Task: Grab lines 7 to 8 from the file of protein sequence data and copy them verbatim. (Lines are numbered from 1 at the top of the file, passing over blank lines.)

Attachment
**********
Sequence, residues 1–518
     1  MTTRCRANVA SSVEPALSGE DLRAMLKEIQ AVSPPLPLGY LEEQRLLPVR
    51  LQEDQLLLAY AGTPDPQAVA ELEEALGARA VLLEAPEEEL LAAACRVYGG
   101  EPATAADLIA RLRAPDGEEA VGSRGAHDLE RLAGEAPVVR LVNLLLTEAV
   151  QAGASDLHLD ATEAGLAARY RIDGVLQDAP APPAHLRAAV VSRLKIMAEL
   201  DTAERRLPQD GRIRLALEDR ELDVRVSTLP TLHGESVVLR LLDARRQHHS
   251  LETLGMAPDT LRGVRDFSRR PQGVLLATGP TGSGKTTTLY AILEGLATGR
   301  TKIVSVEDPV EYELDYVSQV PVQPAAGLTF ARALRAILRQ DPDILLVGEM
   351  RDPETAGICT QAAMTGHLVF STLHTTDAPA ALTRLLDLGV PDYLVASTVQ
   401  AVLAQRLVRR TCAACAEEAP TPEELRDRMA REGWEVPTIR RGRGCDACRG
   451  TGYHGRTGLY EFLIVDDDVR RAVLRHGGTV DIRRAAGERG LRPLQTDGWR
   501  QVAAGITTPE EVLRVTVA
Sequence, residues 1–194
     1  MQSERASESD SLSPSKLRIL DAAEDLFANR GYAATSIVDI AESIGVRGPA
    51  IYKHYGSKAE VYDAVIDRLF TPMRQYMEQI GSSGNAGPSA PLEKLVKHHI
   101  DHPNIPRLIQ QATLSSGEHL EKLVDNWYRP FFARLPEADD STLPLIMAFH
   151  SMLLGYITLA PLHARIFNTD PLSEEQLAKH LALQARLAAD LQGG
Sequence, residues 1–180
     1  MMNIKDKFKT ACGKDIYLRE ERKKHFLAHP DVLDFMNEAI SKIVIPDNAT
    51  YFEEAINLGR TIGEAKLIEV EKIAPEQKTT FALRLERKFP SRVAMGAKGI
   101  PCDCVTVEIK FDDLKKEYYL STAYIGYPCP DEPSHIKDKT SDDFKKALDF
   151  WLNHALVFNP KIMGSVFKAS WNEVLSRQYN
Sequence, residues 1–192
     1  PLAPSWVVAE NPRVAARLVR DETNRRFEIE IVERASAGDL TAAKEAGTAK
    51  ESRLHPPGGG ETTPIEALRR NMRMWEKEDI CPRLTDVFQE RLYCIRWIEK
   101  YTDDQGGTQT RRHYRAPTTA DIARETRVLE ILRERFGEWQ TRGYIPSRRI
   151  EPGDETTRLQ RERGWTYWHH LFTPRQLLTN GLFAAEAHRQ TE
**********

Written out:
   251  LETLGMAPDT LRGVRDFSRR PQGVLLATGP TGSGKTTTLY AILEGLATGR
   301  TKIVSVEDPV EYELDYVSQV PVQPAAGLTF ARALRAILRQ DPDILLVGEM